Tag: long-term care attorney

Can You Afford a Nursing Home If Your Loved One Has Parkinson’s Disease?

Have you and your family recently learned that a loved one has received a diagnosis of Parkinson’s disease? Has your loved one learned that his or her ability to walk, bathe, and dress may become increasingly impaired? In addition, your loved one may face an increased risk of falls. In the future, as the Parkinson’s progresses you, your loved one and your family may be faced with the difficult decision of placing your loved one in a nursing home. With the decision to place a loved one in a nursing home, the question will be how to afford the exorbitant cost of the nursing home.

As you, your loved one and your family determine how to pay for a nursing home, find out if your loved one is in possession of any type of benefits which may cover the cost of a nursing home. For example: a long-term care insurance policy, life insurance policies, which can be cashed out, or veteran’s benefits. If your loved one does have one or more of these benefits be sure to gather copies of all the supporting documents of these policies, which may include copies of insurance policies or proof of veteran’s benefits. Having this conversation now about nursing home coverage with your loved one and family can help guarantee you have the required proof of coverage should your loved one’s mental capacity decline.

An excellent next step may be to meet with a qualified Florida elder law attorney. In addition to determining the existence of benefits, you, your loved one and family can meet with an elder law attorney to find the most reliable ways of determining how to afford a nursing home when the time comes. An elder law attorney, who is experienced in the area of long-term care planning, can assist with the review of any benefits you believe may cover the cost of a nursing home. Be aware that Medicare does not cover the cost of long-term nursing home stays, but state Medicaid does. Because Medicaid eligibility is based upon your loved one’s assets, a qualified elder law attorney may assist in the drafting of planning documents, such as a trust, which may make your loved one Medicaid eligible. Medicaid planning is best conducted early in your loved one’s diagnosis because there are time limits on the transfer of assets which may affect Medicaid eligibility.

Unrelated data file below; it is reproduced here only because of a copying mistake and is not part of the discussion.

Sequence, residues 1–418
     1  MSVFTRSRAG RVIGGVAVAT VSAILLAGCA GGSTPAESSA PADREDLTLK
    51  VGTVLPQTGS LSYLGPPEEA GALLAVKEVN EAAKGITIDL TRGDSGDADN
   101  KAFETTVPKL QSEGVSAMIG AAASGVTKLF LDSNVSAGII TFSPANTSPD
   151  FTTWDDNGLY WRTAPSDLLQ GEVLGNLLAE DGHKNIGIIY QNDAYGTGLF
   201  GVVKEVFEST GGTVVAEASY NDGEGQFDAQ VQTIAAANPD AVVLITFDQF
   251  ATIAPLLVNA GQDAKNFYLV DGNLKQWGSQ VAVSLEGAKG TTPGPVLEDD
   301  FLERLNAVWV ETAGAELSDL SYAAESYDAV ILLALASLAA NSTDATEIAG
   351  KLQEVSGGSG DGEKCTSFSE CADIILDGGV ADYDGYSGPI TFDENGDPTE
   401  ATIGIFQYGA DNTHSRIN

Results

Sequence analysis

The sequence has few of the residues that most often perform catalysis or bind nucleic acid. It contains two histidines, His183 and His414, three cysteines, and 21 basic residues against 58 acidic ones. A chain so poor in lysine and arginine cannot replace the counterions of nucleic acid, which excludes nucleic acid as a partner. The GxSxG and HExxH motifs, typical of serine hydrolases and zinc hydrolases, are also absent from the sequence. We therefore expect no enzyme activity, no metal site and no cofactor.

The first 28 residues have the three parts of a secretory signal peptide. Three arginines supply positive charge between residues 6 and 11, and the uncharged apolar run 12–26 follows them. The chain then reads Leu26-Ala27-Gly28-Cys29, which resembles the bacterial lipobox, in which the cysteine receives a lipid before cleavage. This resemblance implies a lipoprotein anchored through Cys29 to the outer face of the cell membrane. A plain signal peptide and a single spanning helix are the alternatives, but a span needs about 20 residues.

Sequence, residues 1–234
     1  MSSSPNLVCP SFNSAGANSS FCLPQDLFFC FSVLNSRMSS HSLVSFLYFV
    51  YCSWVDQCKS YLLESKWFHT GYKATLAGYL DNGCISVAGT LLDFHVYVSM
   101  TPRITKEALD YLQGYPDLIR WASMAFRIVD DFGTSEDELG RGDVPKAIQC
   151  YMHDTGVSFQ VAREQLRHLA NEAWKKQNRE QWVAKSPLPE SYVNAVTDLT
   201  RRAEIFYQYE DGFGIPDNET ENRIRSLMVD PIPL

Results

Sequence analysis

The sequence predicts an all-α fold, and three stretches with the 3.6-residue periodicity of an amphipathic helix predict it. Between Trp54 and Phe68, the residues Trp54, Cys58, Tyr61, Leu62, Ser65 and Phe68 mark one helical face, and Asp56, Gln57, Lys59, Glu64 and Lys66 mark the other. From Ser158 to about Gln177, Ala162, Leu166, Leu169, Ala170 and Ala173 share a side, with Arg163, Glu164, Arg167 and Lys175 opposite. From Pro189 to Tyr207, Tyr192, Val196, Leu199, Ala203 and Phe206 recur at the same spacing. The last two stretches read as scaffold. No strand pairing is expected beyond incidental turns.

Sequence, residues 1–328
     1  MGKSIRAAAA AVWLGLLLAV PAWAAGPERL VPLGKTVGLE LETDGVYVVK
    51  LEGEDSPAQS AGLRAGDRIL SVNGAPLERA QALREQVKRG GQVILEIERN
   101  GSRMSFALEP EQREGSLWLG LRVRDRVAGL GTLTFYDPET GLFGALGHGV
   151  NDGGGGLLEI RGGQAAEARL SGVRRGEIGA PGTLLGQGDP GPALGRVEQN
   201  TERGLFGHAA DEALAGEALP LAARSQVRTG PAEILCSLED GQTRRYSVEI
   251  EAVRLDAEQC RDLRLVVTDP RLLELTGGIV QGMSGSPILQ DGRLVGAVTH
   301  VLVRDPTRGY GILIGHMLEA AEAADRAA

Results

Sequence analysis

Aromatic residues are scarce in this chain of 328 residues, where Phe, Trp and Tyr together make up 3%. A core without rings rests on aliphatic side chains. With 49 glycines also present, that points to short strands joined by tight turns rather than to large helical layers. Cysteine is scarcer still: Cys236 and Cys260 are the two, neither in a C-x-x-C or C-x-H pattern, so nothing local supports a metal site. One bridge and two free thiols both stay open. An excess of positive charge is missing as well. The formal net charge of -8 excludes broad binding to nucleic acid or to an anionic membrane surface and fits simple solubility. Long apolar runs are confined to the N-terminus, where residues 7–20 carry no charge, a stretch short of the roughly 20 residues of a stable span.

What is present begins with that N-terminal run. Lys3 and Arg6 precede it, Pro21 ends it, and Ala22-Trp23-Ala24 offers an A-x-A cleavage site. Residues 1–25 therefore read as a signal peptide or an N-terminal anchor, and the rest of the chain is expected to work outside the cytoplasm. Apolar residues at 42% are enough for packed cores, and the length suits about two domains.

We are very aware that a diagnosis of Parkinson’s disease can be very stressful to your loved one and family and we know there may be many other issues to navigate. By working with an estate planning and elder law attorney as soon as diagnosis is made may be the best strategy of helping to assure your loved one will be able to afford a nursing home, when the time comes. We know you and your family will want the peace of mind that your loved one will receive the care he or she deserves as the disease progresses, so that all of you can focus on sharing quality time in the present and in the future.